The CMO Show:
Ashley Killeen on brand storytelling...

Ashley Killeen, Head of Impact at OzHarvest, sits down with host Mark Jones to discuss authentic brand storytelling, spreading messages of hope, and driving supporter engagement during COVID-19.

COVID-19 has forced us to confront disruption and find fast solutions to a variety of issues impacting all industries – a public health crisis, how we work and socialise when we can’t congregate, and how we maintain wellbeing while isolated – just to name a few.

How can charities continue to stay connected and engaged with their supporters, and make strides towards achieving their mission in this ‘new normal’?

Ashley Killeen, Head of Impact at Australia’s leading food rescue charity OzHarvest, believes that it is critical for social impact organisations to continue communicating their message during times of disruption, and show supporters how their donations are being used to contribute to society in a meaningful way.

OzHarvest’s solution to this challenge came in the form of their recent #HereForHope campaign that not only sought to provide food to millions of Australians going hungry during COVID-19, but also spread a powerful message of hope to those who need it most. 

“We have a campaign that’s live at the moment… that was born out of the idea that people needed something to look forward to in a time when there was a lot of uncertainty,” Ashley says. 

“Over five million Australians suffer from food insecurity and rely on food relief. The threat of COVID-19 has blown this number out of the water so we are working to get food to people faster and as efficiently as possible, and spread the message of hope and assurance when nothing else is assured,” she says. 

Without funding, and donations from the Australian community – OzHarvest is unable to feed all those who rely on its services. In times of immense and unforeseen disruption, such as COVID-19, Ashley encourages marketers to be transparent with their audience, and continue to share the authentic stories of community impact. 

“People will always look to protect their own families before they go out to help the wider community. But interestingly, when we started our COVID appeal two weeks ago asking the public for help, around 90% of people that donated to the appeal were new donors. These people may have seen friends or family affected by the situation, and are contributing to society by supporting charities,” Ashley says. 

“We are able to tell the stories from the drivers that are delivering the food, and share the response from some of those recipients on the impact that this has on their lives. That’s stuff you can’t make up, it’s authentic, it touches your heart, and instills in you that this is a charity making a real impact.” 

Tune into this episode of The CMO Show to find out how OzHarvest are using the power of authentic storytelling to communicate a message of hope during COVID-19.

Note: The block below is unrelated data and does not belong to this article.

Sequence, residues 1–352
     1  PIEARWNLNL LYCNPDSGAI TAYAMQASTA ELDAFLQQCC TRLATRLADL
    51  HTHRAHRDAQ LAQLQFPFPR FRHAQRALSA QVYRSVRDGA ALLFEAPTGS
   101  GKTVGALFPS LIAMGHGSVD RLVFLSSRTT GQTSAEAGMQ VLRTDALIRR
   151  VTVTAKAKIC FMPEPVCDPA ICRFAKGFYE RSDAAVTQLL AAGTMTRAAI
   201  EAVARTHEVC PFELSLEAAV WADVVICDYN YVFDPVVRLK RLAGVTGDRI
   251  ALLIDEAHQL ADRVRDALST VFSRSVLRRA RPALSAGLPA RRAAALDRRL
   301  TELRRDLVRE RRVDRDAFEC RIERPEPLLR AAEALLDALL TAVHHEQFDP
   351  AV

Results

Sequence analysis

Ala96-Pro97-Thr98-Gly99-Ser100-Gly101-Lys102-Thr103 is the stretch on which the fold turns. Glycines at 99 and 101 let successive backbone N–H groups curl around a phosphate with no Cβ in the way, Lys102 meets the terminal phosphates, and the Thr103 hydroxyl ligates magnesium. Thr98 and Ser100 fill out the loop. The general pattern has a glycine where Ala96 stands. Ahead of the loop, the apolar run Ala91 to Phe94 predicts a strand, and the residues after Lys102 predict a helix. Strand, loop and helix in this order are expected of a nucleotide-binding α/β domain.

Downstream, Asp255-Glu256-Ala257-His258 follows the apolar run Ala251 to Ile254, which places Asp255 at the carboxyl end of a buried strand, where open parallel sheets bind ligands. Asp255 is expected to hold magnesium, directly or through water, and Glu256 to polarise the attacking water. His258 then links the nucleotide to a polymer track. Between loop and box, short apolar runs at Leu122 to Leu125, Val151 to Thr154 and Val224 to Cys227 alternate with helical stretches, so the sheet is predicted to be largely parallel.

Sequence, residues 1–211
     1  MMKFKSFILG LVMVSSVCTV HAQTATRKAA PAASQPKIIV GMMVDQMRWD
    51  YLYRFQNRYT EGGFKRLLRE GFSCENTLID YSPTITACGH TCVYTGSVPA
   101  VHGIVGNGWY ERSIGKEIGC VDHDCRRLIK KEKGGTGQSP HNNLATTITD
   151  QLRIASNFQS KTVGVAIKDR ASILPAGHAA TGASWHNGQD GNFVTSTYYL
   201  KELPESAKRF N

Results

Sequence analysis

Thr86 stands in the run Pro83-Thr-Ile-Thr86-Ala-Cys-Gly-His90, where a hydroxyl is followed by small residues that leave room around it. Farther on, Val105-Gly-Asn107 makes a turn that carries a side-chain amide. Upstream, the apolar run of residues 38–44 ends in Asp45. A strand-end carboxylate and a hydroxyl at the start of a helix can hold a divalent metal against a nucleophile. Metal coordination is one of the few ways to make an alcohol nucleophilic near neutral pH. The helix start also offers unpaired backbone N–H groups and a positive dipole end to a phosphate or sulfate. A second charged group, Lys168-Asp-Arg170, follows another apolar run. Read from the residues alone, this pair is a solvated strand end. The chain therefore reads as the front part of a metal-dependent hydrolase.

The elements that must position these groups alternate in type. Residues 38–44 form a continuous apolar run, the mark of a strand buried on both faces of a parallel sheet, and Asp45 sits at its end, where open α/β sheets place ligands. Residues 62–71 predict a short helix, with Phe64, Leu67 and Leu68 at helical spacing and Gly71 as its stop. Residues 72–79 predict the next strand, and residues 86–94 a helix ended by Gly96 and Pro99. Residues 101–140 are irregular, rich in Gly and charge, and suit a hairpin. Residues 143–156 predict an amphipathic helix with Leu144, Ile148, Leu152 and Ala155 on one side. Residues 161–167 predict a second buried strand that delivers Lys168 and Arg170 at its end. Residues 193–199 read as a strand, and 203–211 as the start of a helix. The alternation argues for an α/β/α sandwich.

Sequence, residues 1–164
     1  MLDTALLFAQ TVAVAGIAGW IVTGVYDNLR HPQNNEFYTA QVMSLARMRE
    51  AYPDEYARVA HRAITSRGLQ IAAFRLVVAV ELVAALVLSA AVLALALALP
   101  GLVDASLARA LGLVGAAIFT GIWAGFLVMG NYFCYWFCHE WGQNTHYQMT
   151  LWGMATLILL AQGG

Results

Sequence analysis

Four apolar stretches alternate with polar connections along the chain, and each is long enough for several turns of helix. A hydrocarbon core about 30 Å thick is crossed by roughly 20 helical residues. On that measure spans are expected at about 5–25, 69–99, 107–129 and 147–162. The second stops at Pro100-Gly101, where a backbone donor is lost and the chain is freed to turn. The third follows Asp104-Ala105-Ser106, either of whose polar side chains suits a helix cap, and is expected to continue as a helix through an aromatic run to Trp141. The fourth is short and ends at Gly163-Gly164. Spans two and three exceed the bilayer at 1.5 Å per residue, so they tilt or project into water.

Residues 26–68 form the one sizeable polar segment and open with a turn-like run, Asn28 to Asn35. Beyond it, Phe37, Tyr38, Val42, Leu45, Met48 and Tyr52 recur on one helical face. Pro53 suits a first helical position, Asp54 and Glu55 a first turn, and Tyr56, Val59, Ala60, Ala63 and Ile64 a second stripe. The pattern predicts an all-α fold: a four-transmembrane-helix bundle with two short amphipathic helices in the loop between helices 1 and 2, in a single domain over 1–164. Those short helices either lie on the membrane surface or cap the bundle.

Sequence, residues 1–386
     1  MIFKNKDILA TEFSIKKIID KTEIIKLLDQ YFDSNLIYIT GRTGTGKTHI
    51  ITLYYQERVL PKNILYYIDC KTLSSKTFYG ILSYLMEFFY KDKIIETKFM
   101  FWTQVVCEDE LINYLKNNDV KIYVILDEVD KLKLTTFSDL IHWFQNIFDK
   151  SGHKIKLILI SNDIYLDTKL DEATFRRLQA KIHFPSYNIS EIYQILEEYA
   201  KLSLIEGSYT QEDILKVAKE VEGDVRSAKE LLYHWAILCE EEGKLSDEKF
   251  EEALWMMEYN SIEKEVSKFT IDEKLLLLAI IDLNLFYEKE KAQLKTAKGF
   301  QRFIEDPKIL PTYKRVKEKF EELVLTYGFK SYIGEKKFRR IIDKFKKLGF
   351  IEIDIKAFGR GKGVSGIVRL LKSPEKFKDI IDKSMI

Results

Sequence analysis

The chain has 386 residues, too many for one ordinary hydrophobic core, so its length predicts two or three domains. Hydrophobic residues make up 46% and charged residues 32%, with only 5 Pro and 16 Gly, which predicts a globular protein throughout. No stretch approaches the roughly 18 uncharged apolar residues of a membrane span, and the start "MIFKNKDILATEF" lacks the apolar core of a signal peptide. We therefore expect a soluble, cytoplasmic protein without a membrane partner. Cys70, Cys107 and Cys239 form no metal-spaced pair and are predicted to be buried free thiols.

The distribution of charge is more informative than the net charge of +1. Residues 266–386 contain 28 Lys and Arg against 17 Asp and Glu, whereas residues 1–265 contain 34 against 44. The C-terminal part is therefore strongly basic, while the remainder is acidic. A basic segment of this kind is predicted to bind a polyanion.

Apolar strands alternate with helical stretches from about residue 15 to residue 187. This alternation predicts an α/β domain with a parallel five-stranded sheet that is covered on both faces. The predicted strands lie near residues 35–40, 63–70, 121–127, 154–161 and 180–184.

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The CMO Show production team

Producer – Charlotte Goodwin & Stephanie Woo

Audio Engineers – Daniel MarrTom Henderson & Jonny McNee

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Host: Mark Jones

Guest: Ashley Killeen

Mark Jones: Thought leadership in the business and marketing category in particular has for years spruiked the idea of ‘the future of work’ and ‘the workplace of tomorrow’. And now, quite abruptly, the future has caught up with us! Most of us marketers are now working from home, we’re balancing long-term strategy with short terms wins and adjusting to the new normal, as it were.

Well, COVID-19 has forced all of us to confront the issue of disruption, now not later. But thankfully, from a marketing perspective, disruption happens to be a storyteller’s playhouse. It gives us new challenges to confront, new questions to interrogate and new narratives to weave. So my question to you is how are you adapting your marketing practice, your storytelling craft to this new normal? What activities are you pivoting on, what concessions are you having to make and what is the one thing you just won’t compromise on?

Well, hello everybody, Mark Jones here. Great to have you with us on the CMO Show, as always. My team and I are delighted to bring a very important conversations from the front lines of real need in our community, in this episode. I’m joined by Ashley Killeen. She’s Head of Impact at OzHarvest, Australian’s leading food rescue organisation and OzHarvest have responded to the COVID-19 crisis fast. They’ve been forced to innovate and change their logistics operations and on the marketing on the comms side they’ve been really quick to market a new campaign to get out this idea that we have to engage in the acute needs facing our community.

So the big question I was curious about is how do you encourage people to give at a time when we’re just focused on making sure our household is safe and secure first. Well, let’s hear what Ashley Killeen has to say about brand storytelling during a time of very intense disruption.